The determination of spousal support in Michigan is based upon a number of factors. These factors are spelled out time and time again in family court and include the length of the marriage, the conduct of the parties, the present situation and needs of the parties, the health of the parties, and the standard of living that the parties are accustomed to. But in this economy, an emerging factor has been predominant: each party’s ABILITY to earn income.
More often than not the ability to earn income has been railroaded by a sluggish working sector and a lack of available jobs. There are many people with college degrees working in restaurants and retail establishments for the simple fact that they cannot find a career in their particular field. When this occurs, the courts are right to account for the economy and decrease one parties ability to earn when deciding on an award of spousal support.
However, this is not how the facts of a recent Court of Appeals case went. This court recently remanded a case, stating that the trial court should have considered the defendant-wife’s un-exercised ability to earn in its spousal support award.
Here, the wife chose to work part time as a nurse rather than accepting the full time position that is continuously available at her hospital. This defendant was essentially told that she had a duty to exercise her ability to earn income because the option was available to her. The court found the award of spousal support un-equitable in light of the rest of the property agreement and the availability for her to earn more money.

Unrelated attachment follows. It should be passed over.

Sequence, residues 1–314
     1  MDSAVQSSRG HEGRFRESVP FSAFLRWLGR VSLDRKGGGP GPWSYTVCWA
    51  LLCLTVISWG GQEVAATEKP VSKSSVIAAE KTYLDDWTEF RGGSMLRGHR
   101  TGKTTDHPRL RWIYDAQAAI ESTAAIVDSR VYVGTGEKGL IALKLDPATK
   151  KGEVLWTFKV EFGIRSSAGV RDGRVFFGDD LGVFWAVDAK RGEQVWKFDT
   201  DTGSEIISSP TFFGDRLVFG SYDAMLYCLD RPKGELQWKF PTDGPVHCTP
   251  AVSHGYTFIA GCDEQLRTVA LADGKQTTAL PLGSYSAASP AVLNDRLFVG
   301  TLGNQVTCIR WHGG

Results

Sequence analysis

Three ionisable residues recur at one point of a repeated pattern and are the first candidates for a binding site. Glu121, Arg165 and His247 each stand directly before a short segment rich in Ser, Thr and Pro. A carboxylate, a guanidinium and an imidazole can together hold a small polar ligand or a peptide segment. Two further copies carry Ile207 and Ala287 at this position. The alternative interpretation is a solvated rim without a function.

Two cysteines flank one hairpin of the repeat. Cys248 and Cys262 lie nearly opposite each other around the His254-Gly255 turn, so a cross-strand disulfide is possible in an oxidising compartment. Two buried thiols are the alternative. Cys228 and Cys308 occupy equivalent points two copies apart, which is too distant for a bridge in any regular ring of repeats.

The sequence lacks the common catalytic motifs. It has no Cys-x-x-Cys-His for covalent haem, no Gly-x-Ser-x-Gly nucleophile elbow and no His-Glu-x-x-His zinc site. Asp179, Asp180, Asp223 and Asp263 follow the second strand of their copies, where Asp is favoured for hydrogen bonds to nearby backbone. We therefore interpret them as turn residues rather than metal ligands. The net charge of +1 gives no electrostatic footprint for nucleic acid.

This is important to anyone considering a divorce who hopes to receive or not pay spousal support. Make sure you are either exercising your full ability to earn money, or that the court considers any un-exercised ability to earn money before an agreement on spousal support is signed.
If you have any questions on spousal support please contact David Lutz at (248) 624-5500 and visit our website www.ambrosefamilylawattorney.com